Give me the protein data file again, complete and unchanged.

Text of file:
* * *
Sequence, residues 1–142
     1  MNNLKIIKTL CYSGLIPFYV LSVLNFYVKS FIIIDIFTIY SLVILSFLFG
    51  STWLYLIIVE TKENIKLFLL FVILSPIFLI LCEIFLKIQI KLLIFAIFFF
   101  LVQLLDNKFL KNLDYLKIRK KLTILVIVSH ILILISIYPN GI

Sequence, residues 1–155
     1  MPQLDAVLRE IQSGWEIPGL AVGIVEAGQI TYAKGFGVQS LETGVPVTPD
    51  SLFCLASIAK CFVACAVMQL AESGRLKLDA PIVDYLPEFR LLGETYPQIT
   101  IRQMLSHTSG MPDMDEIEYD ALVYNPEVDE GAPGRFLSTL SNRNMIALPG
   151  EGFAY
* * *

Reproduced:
Sequence, residues 1–142
     1  MNNLKIIKTL CYSGLIPFYV LSVLNFYVKS FIIIDIFTIY SLVILSFLFG
    51  STWLYLIIVE TKENIKLFLL FVILSPIFLI LCEIFLKIQI KLLIFAIFFF
   101  LVQLLDNKFL KNLDYLKIRK KLTILVIVSH ILILISIYPN GI

Sequence, residues 1–155
     1  MPQLDAVLRE IQSGWEIPGL AVGIVEAGQI TYAKGFGVQS LETGVPVTPD
    51  SLFCLASIAK CFVACAVMQL AESGRLKLDA PIVDYLPEFR LLGETYPQIT
   101  IRQMLSHTSG MPDMDEIEYD ALVYNPEVDE GAPGRFLSTL SNRNMIALPG
   151  EGFAY